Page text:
Column – Association of University Staff
Whitireia settles TEU members have successfully negotiated a collective agreement at a third polytechnic that was part of the old ITP MECA. The Whitireia New Zealand Collective Agreement was ratified, at a stopwork meeting this week, with 98 percent …
TEU members have successfully negotiated a collective agreement at a third polytechnic that was part of the old ITP MECA. The Whitireia New Zealand Collective Agreement was ratified, at a stopwork meeting this week, with 98 percent of members voting in favour of the new agreement.
TEU national advocate Irena Brorens says the real benefit for members, apart from finally getting a pay rise after such a long time, is that they are back on a collective agreement after nearly a year of being on individual agreements.
“It has been a long and difficult dispute with Whitireia, in a tough political environment. We’re glad it’s over and people will finally get some more money before the end of the year.
Union members and the polytechnic have agreed to a two year term with a pay rise of two percent and a $1500 lump sum payment pro rata for the first year and two percent for the second. As at Unitec, duty hours will change to 37.5 hours a week and some discretionary leave will be converted to time that Whitireia can direct. (One week per year from next year and a second week from 2013 for some employees). Whitireia will compensate union members with an extra 2 percent pay for each week converted from discretionary leave, and Whitireia will not direct those weeks for classroom teaching duties.
“We believe that this is the best settlement we can achieve in the current circumstances and with the history of this long dispute,” said Ms Brorens.
Also in Tertiary Update this week:
- 28 jobs go in ‘rightsizing’ exercise at MIT
- Campaign softens cuts at Aoraki
- Students oppose TEC cuts to pre-degree funding
- Other news
Anxiety is high at Manukau Institute of Technology with every department and faculty announcing “rightsizing” reviews over the next fortnight. The chief executive announced in September that he would undertake reviews across the whole polytechnic, starting with the senior leadership team. But it is only now, at the busiest time of the academic year for many, that he is announcing which staff the restructuring will affect.
There is a sombre mood among TEU members. At one meeting where the dean of the Faculty of Engineering and Trades announced his proposal to cut 17 positions, a Price Waterhouse Coopers representative, who is ‘assisting’ in the restructuring, greeted the dean with an expressive thumbs-up as members were leaving the meeting, adding insult to injury.
As well as the 17 job losses in Engineering and Trades (after already losing seven last year), there are six proposed job losses in the Faculty of Business (after already losing 12 at the end of 2010), and five in Nursing and Health Studies. Several faculties are still waiting for their announcements. TEU is not aware of what these announcements will entail other than beingbeen advised that Human Resources is one of the few areas flagged for increased staffing.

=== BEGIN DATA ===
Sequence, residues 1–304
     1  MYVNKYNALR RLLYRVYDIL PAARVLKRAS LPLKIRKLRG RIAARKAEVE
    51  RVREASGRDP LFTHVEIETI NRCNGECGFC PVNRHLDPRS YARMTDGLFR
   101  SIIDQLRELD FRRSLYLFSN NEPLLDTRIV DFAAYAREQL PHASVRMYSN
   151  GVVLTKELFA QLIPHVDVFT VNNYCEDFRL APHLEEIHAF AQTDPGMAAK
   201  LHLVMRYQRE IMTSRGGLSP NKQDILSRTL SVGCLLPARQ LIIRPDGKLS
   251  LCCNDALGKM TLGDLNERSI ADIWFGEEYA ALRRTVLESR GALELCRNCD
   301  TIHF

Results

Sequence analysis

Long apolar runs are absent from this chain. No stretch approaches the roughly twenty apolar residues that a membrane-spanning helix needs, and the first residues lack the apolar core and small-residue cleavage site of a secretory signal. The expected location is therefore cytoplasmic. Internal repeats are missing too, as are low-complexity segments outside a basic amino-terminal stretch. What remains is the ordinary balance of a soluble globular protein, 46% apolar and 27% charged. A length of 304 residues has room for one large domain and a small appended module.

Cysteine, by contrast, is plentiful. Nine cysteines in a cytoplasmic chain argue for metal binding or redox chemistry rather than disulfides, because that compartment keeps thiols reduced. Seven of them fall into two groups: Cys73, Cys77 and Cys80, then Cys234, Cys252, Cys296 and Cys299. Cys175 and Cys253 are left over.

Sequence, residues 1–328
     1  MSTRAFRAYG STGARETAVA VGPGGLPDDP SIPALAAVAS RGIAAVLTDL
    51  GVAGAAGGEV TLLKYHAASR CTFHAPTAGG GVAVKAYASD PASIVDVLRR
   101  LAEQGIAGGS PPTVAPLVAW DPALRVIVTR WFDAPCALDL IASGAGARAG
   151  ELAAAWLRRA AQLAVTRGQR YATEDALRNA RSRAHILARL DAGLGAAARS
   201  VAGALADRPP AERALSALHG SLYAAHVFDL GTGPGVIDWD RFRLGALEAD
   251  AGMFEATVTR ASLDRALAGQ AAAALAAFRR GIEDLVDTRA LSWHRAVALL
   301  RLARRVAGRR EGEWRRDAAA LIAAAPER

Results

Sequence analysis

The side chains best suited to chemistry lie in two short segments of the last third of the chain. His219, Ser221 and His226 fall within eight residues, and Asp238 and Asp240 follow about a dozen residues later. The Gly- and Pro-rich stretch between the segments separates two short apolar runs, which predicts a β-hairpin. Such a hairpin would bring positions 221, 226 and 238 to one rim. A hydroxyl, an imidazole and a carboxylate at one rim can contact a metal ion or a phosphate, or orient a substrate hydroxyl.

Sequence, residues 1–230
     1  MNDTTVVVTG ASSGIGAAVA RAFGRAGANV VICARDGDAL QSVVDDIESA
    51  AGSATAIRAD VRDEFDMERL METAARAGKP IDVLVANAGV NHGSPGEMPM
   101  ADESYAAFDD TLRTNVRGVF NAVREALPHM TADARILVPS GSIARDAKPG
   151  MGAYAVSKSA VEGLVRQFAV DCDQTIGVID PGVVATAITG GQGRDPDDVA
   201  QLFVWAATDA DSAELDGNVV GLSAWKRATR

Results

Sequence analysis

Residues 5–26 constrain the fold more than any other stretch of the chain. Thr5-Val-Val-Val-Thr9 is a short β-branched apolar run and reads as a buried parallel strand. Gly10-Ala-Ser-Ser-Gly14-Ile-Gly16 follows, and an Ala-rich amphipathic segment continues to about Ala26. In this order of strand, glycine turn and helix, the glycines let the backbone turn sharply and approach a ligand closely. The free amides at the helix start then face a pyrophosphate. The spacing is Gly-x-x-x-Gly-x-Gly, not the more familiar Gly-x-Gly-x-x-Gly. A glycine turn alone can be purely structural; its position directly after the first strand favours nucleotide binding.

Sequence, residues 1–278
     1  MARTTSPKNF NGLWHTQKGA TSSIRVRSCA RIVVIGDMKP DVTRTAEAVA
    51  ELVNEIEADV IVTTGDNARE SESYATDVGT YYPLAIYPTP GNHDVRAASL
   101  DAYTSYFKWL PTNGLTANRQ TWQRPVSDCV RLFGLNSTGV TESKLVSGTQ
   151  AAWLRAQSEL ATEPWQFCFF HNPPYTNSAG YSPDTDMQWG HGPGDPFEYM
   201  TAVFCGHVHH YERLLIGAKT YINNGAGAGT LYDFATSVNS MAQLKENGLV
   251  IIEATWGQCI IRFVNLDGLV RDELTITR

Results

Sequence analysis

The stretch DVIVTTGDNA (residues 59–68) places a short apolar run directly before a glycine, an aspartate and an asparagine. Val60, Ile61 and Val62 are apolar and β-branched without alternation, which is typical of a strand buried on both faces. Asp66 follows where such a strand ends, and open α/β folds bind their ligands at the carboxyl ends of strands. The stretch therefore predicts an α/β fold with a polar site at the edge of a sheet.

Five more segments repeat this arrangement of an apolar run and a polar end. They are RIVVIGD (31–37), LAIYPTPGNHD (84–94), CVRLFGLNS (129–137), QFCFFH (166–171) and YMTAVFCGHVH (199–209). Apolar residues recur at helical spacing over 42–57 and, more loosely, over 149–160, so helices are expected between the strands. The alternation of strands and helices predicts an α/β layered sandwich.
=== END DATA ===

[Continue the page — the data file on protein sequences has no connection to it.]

TEU is conducting a survey about the reviews, the responses to which are clearly demonstrating members’ anger and frustration with both the process and content of the “rightsizing” project.
“It is chaos at MIT at the moment,” said Chan Dixon, TEU organiser, “and unfortunately members do not have a high degree of faith that the three-week consultation period will bring any positive changes.”
Two key frustrations are that the reviews are based on a reduced budget in each Faculty, which is not open for consultation, and that one of the key factors ‘informing’ the proposals is the ITP sector Tribal Data, which TEU members are not being provided on the grounds of confidentiality. TEU members are meeting with the chief executive on Friday to discuss these issues.
TEU lobbying and campaigning has saved several programmes and nearly half the jobs originally proposed to be cut at Aoraki Polytechnic. However, TEU organiser Kris Smith says cutting programmes across its five campuses is the wrong decision. Aoraki was initially planning to cut twenty diplomas or certificates affecting 20 staff and hundreds of students.
The decision it announced this week means that six of those programmes will survive, as will nine jobs.
Ms Smith told the Timaru Herald staff were “gutted“.
“They think [the polytechnic has] made the wrong decisions, and it’s narrowing the focus too much.These foundation courses are exactly what the polytechnic should be doing,” she said.
Members were disappointed that the lower-level computing programmes in Timaru, Oamaru and Ashburton were not continuing next year, especially as there were no similar programmes in Oamaru and Ashburton, Ms Smith said. “We think they should have kept many more of the courses,” she said.
The Timaru Herald editorial was scathing of Aoraki’s management of the issue saying the chief executive Kay Nelson, “invoked the glorious language of modern management to assure the public the course trimming ‘will build stronger synergies between sport and fitness and outdoor recreation across our Christchurch and Timaru campuses’. We can’t wait to see them.”